The Russian Revolution was a pair of revolutions in Russia in 1917, which dismantled the Tsarist autocracy and led to the eventual rise of the Soviet Union. The Russian Empire collapsed with the abdication of Emperor Nicholas II, and the old regime was replaced by a provisional government during the first revolution of February 1917 (March in the Gregorian calendar; the older Julian calendar was in use in Russia at the time). In the second revolution that October, the Provisional Government was removed and replaced with a communist state.

The February Revolution (March 1917) was a revolution focused around Petrograd (now Saint Petersburg), then capital of Russia. In the chaos, members of the Imperial parliament or Duma assumed control of the country, forming the Russian Provisional Government. The army leadership felt they did not have the means to suppress the revolution, resulting in Nicholas' abdication. The Soviets (workers' councils), which were led by more radical socialist factions, initially permitted the Provisional Government to rule, but insisted on a prerogative to influence the government and control various militias. The February Revolution took place in the context of heavy military setbacks during the First World War (1914–18), which left much of the Russian Army in a state of mutiny.

A period of dual power ensued, during which the Provisional Government held state power while the national network of Soviets, led by socialists, had the allegiance of the lower classes and the political left. During this chaotic period there were frequent mutinies, protests and many strikes. When the Provisional Government chose to continue fighting the war with Germany, the Bolsheviks and other socialist factions campaigned for stopping the conflict. The Bolsheviks turned workers militias under their control into the Red Guards (later the Red Army) over which they exerted substantial control.

In the October Revolution (November in the Gregorian calendar), the Bolsheviks, led by Vladimir Lenin, and the workers' Soviets overthrew the Provisional Government in Petrograd and established the Russian SFSR, eventually shifting the capital to Moscow in 1918. The Bolsheviks appointed themselves as leaders of various government ministries and seized control of the countryside, establishing the Cheka to quash dissent. To end Russia’s participation in the First World War, the Bolshevik leaders signed the Treaty of Brest-Litovsk with Germany in March 1918.

Soon after, civil war erupted among the "Reds" (Bolsheviks), the "Whites" (counter-revolutionaries), independence movements and non-Bolshevik socialists. It continued for several years, during which the Bolsheviks defeated both the Whites and all rival socialists. In this way, the Revolution paved the way for the creation of the Union of Soviet Socialist Republics (USSR) in 1922. While many notable historical events occurred in Moscow and Petrograd, there was also a visible movement in cities throughout the state, among national minorities throughout the empire and in the rural areas, where peasants took over and redistributed land.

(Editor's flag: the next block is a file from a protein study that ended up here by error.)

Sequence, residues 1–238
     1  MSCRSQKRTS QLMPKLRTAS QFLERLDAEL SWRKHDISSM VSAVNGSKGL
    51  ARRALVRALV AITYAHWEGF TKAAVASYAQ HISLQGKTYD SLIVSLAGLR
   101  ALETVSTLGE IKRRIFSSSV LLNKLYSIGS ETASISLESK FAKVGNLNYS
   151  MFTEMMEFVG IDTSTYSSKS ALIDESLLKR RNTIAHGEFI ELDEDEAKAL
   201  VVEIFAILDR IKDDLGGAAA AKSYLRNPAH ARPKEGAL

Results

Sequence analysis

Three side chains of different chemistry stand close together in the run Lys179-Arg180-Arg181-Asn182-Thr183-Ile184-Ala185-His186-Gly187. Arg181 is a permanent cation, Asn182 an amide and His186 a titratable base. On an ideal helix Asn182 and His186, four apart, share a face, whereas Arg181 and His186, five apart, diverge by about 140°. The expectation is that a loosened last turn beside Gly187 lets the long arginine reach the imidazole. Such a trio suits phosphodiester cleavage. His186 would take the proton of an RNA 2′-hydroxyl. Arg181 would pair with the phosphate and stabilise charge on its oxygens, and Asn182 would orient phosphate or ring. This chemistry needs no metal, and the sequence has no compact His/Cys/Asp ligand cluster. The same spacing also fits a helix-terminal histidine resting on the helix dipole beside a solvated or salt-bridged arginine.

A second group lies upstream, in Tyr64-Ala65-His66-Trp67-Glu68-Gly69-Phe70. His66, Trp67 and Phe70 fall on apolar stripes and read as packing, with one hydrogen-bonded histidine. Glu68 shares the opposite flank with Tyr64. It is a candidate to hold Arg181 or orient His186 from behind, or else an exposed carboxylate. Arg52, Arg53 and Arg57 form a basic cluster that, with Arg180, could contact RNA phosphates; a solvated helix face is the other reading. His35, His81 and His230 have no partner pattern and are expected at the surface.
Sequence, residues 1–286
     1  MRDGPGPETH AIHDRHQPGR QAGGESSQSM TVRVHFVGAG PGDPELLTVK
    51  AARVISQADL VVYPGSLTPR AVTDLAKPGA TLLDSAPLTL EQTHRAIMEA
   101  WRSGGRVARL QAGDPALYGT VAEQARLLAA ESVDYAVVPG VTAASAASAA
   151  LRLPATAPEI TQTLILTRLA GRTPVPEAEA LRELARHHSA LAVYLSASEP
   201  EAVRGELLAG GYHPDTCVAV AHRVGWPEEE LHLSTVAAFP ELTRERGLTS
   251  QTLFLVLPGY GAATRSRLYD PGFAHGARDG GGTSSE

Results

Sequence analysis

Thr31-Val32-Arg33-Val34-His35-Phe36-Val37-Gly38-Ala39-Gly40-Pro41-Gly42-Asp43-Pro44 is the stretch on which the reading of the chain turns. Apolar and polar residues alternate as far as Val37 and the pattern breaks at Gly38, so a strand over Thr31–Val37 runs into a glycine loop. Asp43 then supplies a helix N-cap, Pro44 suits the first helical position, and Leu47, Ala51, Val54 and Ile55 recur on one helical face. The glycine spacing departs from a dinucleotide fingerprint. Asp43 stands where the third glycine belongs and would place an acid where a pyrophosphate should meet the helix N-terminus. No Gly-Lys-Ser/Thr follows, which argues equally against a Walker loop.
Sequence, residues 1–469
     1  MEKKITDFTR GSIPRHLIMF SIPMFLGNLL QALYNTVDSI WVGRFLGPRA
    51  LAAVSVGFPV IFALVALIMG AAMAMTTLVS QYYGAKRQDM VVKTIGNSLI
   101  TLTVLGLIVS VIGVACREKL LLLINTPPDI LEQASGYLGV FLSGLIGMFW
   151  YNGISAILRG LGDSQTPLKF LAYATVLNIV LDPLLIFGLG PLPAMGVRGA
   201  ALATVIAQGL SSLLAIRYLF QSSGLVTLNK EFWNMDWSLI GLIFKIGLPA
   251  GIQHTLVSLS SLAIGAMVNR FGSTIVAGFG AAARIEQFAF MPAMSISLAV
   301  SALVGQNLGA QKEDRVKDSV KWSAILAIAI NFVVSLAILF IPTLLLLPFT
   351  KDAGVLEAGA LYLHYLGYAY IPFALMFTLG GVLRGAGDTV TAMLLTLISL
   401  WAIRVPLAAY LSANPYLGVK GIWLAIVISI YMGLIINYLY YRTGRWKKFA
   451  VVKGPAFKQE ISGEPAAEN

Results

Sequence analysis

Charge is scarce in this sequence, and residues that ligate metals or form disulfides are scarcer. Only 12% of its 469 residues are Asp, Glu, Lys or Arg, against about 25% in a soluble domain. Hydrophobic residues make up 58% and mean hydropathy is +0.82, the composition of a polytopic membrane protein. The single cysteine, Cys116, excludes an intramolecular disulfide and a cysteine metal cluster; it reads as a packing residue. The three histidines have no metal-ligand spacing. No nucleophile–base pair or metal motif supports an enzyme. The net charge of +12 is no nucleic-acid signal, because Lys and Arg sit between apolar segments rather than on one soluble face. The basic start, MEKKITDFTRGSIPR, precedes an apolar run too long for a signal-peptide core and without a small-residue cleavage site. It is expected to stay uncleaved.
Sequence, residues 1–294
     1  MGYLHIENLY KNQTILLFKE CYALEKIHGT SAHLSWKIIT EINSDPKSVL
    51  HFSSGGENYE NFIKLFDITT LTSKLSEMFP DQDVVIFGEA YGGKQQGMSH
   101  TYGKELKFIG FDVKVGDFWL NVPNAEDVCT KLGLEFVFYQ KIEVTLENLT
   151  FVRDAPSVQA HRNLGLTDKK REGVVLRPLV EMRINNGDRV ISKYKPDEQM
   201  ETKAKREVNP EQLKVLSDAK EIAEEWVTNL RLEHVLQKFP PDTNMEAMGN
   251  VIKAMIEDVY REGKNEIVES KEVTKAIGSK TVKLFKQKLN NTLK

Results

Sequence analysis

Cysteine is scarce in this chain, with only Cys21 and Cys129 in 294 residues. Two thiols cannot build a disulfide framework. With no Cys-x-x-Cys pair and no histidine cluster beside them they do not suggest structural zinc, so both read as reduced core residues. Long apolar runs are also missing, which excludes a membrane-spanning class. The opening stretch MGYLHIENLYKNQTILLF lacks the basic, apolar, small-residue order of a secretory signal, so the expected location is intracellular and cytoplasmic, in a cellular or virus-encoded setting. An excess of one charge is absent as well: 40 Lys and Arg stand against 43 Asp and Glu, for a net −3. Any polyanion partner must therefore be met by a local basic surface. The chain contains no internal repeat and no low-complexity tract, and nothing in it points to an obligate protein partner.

Credits: Wikipedia
Bolshevik forces marching on the Red Square

Saturday, November 19, 2016

History Documentary: Ancient Warriors: Shaolin Monks




The Shaolin Monastery (Chinese: 少林寺; pinyin: Shàolín sì), also known as the Shaolin Temple, is a Chan ("Zen") Buddhist temple in Dengfeng County, Henan Province, China. Dating back 1,500 years when founded by Fang Lu-Hao, Shaolin Temple is the main temple of the Shaolin school of Buddhism to this day.

Shaolin Monastery and its Pagoda Forest were inscribed as a UNESCO World Heritage Site in 2010 as part of the "Historic Monuments of Dengfeng”.

The name refers to the forests of Shaoshi (少室; Shǎo Shì) mountain, one of the seven peaks of Song mountains. The first Shaolin Monastery abbot was Batuo (also called Fotuo or Buddhabhadra), a dhyāna master who came to China from India or from Greco-Buddhist Central Asia in 464 AD to spread Buddhist teachings.

According to the Continued Biographies of Eminent Monks (645 AD) by Daoxuan, Shaolin Monastery was built on the north side of Shaoshi, the central peak of Mount Song, one of the Sacred Mountains of China, by Emperor Xiaowen of the Northern Wei dynasty in 477 AD, to accommodate the India master beside the capital Luoyang city. Yang Xuanzhi, in the Record of the Buddhist Monasteries of Luoyang (547 AD), and Li Xian, in the Ming Yitongzhi (1461), concur with Daoxuan's location and attribution. The Jiaqing Chongxiu Yitongzhi (1843) specifies that this monastery, located in the province of Henan, was built in the 20th year of the Taihe era of the Northern Wei dynasty, that is, the monastery was built in 495 AD.

The Kangxi Emperor of the Qing dynasty was a supporter of Shaolin Temple, and he wrote the calligraphic inscriptions that still hang over the Heavenly King Hall and the Buddha Hall today.

Traditionally Bodhidharma is credited as founder of the martial arts at the Shaolin Temple. However, martial arts historians have shown this legend stems from a 17th-century qigong manual known as the Yijin Jing.

The authenticity of the Yi Jin Jing has been discredited by some historians including Tang Hao, Xu Zhen and Ryuchi Matsuda. This argument is summarized by modern historian Lin Boyuan in his Zhongguo wushu shi: